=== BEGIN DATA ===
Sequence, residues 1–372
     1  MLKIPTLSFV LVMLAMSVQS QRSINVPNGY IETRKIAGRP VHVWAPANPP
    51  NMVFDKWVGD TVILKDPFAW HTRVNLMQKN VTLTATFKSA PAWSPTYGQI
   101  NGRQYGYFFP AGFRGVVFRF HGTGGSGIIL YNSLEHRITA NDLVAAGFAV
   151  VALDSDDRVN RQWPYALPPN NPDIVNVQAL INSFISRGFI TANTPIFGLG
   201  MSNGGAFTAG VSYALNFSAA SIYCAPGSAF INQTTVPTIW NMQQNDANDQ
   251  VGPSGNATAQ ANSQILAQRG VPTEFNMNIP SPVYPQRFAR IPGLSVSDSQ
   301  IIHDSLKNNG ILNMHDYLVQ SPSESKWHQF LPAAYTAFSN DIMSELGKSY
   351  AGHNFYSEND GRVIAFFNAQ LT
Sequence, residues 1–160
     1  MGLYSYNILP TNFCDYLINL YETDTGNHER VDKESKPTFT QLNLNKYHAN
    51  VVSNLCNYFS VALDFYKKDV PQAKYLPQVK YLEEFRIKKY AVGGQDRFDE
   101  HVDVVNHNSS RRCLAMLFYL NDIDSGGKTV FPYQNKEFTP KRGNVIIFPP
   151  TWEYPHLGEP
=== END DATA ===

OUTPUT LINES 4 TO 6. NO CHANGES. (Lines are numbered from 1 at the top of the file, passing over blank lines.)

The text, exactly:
   101  NGRQYGYFFP AGFRGVVFRF HGTGGSGIIL YNSLEHRITA NDLVAAGFAV
   151  VALDSDDRVN RQWPYALPPN NPDIVNVQAL INSFISRGFI TANTPIFGLG
   201  MSNGGAFTAG VSYALNFSAA SIYCAPGSAF INQTTVPTIW NMQQNDANDQ